The Boks had a good close to the half, though, as Am showed great strength to beat the tackle of Clarke and score, and flyhalf Handre Pollard landed a penalty from 55 yards that sailed through the Highveld air to make it 15-10 at the break.
The teams traded penalties before the Boks scored their second try, a trademark steel from Malcolm Marx at the breakdown saw Damian Willemse float a long pass for Mapimpi to cross in the corner.
The Boks took the lead for the first time on 68 minutes after Beauden Barrett tackled scrumhalf Jaden Hendrikse without the ball in his own 22 and received a yellow card.
But despite being a man down, the All Blacks produced a big finish as Havili and Barrett dotted down to complete the win.
“The first half, the game was fast and we couldn’t put out game-plan on them,” South Africa captain Siya Kolisi said.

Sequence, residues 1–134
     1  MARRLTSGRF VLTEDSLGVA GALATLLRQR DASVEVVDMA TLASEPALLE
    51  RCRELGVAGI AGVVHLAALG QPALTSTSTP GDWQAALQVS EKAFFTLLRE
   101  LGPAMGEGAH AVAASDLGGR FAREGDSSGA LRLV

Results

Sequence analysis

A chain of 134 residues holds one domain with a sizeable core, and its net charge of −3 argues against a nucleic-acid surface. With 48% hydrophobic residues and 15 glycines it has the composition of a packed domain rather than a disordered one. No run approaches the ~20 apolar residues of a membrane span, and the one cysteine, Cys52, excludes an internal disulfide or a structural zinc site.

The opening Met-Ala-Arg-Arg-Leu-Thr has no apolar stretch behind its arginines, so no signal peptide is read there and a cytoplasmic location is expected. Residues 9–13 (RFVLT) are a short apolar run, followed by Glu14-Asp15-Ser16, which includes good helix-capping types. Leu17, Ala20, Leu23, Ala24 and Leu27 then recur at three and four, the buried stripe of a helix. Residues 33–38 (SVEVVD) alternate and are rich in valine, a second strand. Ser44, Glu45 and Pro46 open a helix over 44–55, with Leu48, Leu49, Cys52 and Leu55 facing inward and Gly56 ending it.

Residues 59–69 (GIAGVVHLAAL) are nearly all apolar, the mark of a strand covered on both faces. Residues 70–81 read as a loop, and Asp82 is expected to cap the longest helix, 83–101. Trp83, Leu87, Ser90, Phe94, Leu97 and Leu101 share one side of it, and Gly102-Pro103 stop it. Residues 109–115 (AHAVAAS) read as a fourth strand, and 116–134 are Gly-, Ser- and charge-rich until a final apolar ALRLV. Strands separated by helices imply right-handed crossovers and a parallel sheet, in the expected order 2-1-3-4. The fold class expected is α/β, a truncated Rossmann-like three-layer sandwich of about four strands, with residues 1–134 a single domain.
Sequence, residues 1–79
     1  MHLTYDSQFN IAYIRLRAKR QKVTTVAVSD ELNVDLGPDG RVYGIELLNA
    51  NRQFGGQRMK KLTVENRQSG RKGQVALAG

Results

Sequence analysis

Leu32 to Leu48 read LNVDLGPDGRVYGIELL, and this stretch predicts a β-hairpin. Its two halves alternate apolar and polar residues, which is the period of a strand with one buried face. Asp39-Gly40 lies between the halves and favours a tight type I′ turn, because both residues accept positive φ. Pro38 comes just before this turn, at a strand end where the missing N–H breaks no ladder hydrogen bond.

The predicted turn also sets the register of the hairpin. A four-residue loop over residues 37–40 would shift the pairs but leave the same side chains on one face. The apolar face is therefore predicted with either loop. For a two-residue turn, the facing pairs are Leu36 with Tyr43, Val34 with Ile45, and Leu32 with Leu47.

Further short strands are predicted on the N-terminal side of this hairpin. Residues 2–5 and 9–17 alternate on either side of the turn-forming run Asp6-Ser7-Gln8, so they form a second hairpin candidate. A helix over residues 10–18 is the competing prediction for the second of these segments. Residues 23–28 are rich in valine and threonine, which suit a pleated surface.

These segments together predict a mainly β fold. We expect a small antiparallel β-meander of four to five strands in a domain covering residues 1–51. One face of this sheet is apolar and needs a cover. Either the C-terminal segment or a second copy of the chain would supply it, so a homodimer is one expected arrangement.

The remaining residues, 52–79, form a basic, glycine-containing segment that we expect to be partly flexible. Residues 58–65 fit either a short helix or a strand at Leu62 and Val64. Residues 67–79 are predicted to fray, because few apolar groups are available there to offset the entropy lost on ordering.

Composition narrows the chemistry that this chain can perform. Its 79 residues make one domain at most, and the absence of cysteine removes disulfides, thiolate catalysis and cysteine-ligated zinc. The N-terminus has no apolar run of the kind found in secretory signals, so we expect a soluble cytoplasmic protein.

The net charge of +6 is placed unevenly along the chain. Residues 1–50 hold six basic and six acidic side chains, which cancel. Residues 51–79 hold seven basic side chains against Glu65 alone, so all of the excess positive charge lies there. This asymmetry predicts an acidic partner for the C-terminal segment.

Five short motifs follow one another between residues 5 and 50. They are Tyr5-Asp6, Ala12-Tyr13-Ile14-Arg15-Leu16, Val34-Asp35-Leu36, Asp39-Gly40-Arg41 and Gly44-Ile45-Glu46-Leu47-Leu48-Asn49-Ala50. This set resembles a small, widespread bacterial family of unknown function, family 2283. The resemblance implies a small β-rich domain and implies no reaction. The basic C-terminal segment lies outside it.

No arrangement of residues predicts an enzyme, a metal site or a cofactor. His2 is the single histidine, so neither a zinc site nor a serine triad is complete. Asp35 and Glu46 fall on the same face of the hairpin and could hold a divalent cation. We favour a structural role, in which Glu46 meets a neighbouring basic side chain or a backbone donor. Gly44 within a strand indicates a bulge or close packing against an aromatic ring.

“We could have worked harder there. We knew they only need a couple of moments to make it count and they did that. Congratulations to them.”
New Zealand’s media shared Foster’s lack of clarity over his future.
“If this was Ian Foster’s last stand as All Blacks coach, it was at least marvellously defiant, supremely resilient and most certainly, unexpected,” wrote Gregor Paul in the New Zealand Herald.
“This was the best performance of the Foster era – one that had a touch of class, a huge amount of bravery to stay in the fight and a relentless desire to compete in the places in which they haven’t managed to compete previously.
“It’s not possible or wise to say the All Blacks are fixed because inconsistency has been the bug this team can’t shake, but they are certainly not broken and hope has suddenly sprung from nowhere.
“Whether the victory was enough to save Foster’s job will become clear in the coming days, but the satisfaction he and his All Blacks can rightly feel at sticking the proverbial finger up to the critics who said this team was dead and buried, will be beyond measurable.”
Liam Napier, also in the NZ Herald, added: “Set against the tense, fraught backdrop of sustained pressure on Ian Foster’s under-siege coaching tenure, the All Blacks rocked up to the home of South African rugby, and turned the form book on its head to emerge with an emphatic victory that does not tell the toll it took to achieve.